In addition to the direct targeting, the potential and rather probable political turmoil in the United States following the upcoming elections should be high in the company risk assessments for the coming years. Any prolonged political fighting between the various fragments of the society ranging from the level experienced during the past years to rather improbable serious armed clashes around the country would all have adverse ripple effects impacting the global business environment. Furthermore, such developments, particularly those in the most violent end of the spectrum, would force the United States to divert their attention and powers increasingly to domestic matters. This, in turn, would further encourage the authoritarian states to act and utilize their increased maneuver space to work against the interests of the liberal world and thus would further destabilize the geopolitical situation and global markets alike.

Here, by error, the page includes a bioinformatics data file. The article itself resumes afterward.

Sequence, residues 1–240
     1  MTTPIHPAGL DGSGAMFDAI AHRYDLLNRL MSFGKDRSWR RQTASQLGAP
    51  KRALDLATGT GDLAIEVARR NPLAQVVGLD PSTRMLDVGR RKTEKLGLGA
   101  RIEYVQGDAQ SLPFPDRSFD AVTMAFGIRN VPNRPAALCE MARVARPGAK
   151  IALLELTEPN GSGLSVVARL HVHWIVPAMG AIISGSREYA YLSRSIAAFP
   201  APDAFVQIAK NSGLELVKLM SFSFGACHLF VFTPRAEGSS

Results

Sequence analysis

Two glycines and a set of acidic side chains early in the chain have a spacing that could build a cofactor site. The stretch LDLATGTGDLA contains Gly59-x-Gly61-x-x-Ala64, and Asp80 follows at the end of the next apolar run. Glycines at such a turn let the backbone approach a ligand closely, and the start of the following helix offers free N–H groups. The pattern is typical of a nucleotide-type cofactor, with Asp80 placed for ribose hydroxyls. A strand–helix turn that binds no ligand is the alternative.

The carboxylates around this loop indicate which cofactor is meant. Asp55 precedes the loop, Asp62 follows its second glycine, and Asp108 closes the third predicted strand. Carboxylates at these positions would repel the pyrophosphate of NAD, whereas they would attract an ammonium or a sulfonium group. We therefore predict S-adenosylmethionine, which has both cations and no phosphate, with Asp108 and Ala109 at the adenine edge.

Cyberwatch Finland Q2 magazine – A Passion for a Cyber Safe World

Q2 ended a few days ago in slightly windy conditions, various storm warnings have also been issued for the summer and we are following the development with interest.

Knowledge, education, digital sovereignty, leadership, the importance of digitalisation, Europe’s ability to meet the challenges of cyber security and the EU’s common goals were the main topics of discussion in the second quarter, and around these main themes we have built an interesting reading package for you.

“ While resilience has become a buzzword in Brussels in the aftermath of Covid-19, cybersecurity has not yet gained the prominence it deserves. Ideally, it would go hand-in-hand with the EU digital upskilling agenda, as an integral part of it ” wrote Henna Virkkunen and Aapo Cederberg in his editorial “ Digital independence means change in the way we think and operate at all levels. “

Thanks a Million to all the Amazing Authors!